Keanu Reeves brings a quiet controlled chaos to the role of John Wick in one of his best films in years. The character is quiet, his actions, however, are noisy. It is not the most demanding of roles but it does provide Reeves with brief opportunities to emote, especially early on, or to reflect a conflicted scowl or two. “People keep asking me if I’m back. Yeah. I’m thinking I’m back.” is about the extent of his dialog. Not the most challenging, in fact, most of his conversations result in his literally repeating what his opponent just said. Which is oddly and unexplainable kind of fun. This is a physical role and Reeve brings it. Once he is unleashed, he is exactly how everyone else in the film describes him, an unstoppable force of violence and mayhem. Wick never asks questions, he shoots first – and then shoots again mastering the art of the double tap. He never gives his target an opportunity to banter or parley. Bang! Dead. Blam! Done. Move on. John Wick is definitely who you would want at your side during the zombie apocalypse, nothing will stop him. John Wick is the closest thing Reeves will get to a Tony Montana role and he owns it, lock, stock and barrel.


In addition to abundance of action and brutal mayhem, John Wick also provides an unusual blend of comedy with surprising cameos and and entertaining supporting cast. The poop-their-pants reactions from characters as they learn who has been awakened from the slumber of retirement is priceless. The odd descriptions of Wick as the Boogeyman are hilarious in the to-the-point delivery. “One time, he killed three men in a bar with a pencil. With a pencil.” Viggo explains to his son. Then the film goes out of its way to reinforce who John Wick is visually over and over again. John Wick is wicked quick and precise. Blam. Pow. Snap. Crunch. No words needed. Just guns, knives, fists, cars and few explosives. Between all the chaos, there is the cast scattered amongst the corpses and dying mobsters. Willem Dafore as Marcus a fellow assassin. Adrianne Palicki is a killer with no respect for authority. Ian McShane is the owner of The Continental and Lance Reddick is the Hotel Manager. Every turn, every reveal delivers a smile. The film is bathed in this indescribable energy, deranged wit and Sapranos-infused violence.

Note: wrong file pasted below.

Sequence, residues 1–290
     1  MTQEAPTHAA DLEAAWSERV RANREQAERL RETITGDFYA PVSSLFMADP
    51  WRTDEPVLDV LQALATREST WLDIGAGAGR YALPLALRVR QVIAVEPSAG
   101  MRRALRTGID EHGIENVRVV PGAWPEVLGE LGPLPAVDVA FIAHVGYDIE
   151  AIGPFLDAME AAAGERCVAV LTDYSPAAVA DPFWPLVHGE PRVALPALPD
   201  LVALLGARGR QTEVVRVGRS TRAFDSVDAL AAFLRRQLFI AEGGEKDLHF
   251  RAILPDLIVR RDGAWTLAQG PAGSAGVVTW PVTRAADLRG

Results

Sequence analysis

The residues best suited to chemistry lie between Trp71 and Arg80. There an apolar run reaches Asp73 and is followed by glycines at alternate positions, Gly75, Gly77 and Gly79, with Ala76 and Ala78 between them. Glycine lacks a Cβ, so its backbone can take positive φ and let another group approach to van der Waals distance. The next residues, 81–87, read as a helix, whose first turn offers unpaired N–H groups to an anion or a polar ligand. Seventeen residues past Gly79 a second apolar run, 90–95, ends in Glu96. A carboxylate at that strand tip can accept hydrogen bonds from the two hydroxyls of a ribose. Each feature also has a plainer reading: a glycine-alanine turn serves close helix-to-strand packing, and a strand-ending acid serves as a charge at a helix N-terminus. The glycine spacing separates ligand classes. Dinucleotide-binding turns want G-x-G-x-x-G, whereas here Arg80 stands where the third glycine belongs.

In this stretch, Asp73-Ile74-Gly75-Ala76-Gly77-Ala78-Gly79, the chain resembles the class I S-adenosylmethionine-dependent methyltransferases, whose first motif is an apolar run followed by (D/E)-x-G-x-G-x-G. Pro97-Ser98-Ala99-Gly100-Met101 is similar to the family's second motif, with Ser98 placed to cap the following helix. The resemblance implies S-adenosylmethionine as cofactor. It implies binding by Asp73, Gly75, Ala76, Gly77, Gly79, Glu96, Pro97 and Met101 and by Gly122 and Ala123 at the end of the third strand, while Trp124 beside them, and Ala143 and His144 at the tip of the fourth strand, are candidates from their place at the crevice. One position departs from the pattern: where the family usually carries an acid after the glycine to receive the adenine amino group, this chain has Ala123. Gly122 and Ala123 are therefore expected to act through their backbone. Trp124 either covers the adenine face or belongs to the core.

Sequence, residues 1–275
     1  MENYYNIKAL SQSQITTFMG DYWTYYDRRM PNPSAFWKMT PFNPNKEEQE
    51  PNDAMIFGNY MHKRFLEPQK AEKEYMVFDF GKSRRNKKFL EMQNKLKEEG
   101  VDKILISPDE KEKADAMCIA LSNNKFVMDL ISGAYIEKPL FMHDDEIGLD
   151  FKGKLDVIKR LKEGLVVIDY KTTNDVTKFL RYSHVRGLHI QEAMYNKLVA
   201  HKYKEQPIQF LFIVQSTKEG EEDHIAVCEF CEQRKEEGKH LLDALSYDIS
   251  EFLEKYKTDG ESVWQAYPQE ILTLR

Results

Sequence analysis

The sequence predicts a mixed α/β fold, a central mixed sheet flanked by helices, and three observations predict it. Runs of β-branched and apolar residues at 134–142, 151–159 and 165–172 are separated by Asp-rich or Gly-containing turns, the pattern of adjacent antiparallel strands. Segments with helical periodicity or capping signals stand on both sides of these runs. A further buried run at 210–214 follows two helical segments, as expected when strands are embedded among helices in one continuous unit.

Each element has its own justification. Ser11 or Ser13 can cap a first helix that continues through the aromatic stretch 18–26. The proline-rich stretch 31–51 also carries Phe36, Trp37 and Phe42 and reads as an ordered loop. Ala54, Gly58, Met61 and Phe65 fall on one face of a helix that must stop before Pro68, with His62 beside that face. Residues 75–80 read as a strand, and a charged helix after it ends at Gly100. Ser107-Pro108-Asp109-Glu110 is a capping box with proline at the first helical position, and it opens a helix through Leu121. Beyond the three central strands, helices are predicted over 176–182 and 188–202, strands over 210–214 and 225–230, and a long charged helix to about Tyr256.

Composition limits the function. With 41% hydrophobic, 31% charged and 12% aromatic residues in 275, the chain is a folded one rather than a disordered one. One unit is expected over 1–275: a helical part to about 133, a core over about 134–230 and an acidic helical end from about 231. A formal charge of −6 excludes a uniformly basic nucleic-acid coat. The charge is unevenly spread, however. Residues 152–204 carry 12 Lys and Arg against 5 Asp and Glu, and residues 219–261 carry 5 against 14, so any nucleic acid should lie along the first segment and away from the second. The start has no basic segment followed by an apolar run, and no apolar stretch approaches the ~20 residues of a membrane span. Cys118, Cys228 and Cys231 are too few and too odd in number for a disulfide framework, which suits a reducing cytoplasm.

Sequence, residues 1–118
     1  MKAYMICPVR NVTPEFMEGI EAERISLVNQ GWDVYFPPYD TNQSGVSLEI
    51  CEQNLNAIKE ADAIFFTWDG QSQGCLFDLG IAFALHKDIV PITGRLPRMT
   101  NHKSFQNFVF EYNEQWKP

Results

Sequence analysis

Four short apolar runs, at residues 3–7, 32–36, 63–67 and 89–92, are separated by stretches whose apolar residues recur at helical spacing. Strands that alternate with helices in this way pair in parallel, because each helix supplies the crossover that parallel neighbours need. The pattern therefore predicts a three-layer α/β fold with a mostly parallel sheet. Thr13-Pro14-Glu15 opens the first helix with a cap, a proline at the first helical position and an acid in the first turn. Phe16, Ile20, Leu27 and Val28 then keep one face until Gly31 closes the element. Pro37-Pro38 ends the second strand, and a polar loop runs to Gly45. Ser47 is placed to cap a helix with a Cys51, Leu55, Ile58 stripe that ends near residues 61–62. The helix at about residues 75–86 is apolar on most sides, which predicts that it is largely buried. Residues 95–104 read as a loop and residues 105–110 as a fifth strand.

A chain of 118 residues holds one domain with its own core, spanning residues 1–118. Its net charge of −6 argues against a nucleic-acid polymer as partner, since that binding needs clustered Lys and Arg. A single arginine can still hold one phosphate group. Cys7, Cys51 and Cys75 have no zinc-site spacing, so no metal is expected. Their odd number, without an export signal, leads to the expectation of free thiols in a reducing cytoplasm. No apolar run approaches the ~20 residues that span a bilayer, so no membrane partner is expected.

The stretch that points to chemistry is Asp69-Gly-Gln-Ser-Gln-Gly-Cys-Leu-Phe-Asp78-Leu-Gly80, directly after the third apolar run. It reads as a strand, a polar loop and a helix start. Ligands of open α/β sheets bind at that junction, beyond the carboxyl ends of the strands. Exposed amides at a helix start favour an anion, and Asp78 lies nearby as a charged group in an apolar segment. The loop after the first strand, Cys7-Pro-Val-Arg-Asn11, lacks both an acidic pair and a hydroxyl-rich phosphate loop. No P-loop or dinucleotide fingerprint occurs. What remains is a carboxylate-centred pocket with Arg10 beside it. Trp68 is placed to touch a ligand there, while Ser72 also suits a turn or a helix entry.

John Wick is a beast. It is a unique blend of complexity and simplicity, camp and high action, gore, emotion and violence. It is a revenge film. It is a gangster caper. It is a comedy and a character piece. It is a great time at the theaters for action fans. Directors David Leitch and Chad Stehelski deliver a modern classic action film with a unique style and an unusual focus and drive. Screenwriter Derek Kelstad provides a script with a terrific set up and a brilliant pay off with a tone to its dialog that counterbalances the action and violence. Keanu Reeves is perfect as John Wick creating a character that will live eternally along side Neo, Jack Travern and Johnny Utah. The supporting characters are perfectly cast. John Wick is a buddy picture, not on screen, but in the audience – it should be experiences with as many friends as possible.

3.5 out of 5